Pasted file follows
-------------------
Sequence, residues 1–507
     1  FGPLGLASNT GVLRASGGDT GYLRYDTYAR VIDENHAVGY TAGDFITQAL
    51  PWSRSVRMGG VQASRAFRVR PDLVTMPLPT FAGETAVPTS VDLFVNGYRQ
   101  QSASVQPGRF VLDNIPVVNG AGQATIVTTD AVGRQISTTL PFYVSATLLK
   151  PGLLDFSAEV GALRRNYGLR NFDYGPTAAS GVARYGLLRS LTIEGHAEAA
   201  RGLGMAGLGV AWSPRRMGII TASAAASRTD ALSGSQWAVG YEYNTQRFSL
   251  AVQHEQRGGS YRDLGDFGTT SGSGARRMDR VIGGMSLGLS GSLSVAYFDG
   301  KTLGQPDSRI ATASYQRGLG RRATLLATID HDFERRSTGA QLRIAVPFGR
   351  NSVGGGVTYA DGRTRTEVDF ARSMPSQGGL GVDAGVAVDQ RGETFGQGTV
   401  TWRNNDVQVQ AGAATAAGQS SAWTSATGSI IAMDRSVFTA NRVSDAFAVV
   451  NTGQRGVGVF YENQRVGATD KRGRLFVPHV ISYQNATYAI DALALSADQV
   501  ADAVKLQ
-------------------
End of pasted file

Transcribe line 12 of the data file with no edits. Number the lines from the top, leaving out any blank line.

   501  ADAVKLQ